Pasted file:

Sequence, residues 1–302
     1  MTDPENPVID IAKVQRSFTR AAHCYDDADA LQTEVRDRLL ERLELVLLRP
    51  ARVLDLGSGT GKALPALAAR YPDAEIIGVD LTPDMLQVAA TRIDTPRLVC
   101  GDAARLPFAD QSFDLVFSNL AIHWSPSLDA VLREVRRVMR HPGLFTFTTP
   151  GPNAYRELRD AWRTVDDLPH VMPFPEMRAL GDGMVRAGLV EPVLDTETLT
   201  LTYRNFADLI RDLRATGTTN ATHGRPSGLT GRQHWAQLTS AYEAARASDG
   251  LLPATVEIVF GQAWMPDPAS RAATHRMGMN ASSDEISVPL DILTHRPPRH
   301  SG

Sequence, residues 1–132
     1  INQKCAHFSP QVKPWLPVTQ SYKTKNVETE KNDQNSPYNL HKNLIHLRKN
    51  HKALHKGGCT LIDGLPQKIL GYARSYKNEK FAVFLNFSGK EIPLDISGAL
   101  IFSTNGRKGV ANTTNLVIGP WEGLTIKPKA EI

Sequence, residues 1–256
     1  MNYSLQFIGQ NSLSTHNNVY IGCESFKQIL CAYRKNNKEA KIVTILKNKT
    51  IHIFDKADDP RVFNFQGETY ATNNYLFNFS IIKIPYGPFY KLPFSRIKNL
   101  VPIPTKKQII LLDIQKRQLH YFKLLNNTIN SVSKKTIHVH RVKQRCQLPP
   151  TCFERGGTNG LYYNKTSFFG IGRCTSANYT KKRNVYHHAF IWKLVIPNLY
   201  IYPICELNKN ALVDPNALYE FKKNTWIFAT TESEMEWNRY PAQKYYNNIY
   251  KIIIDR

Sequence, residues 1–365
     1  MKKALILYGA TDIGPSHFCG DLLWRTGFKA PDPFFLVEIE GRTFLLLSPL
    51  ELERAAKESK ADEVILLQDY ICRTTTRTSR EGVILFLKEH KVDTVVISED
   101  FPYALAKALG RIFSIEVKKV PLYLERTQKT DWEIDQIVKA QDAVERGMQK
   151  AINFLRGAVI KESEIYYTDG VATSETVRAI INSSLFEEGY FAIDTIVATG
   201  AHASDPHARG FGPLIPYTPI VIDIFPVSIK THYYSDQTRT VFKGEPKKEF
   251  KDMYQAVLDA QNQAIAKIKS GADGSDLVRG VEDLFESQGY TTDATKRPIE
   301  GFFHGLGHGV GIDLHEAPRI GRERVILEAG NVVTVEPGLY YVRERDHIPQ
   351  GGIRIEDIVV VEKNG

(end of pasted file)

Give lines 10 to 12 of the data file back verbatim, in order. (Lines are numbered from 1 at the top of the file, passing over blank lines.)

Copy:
     1  INQKCAHFSP QVKPWLPVTQ SYKTKNVETE KNDQNSPYNL HKNLIHLRKN
    51  HKALHKGGCT LIDGLPQKIL GYARSYKNEK FAVFLNFSGK EIPLDISGAL
   101  IFSTNGRKGV ANTTNLVIGP WEGLTIKPKA EI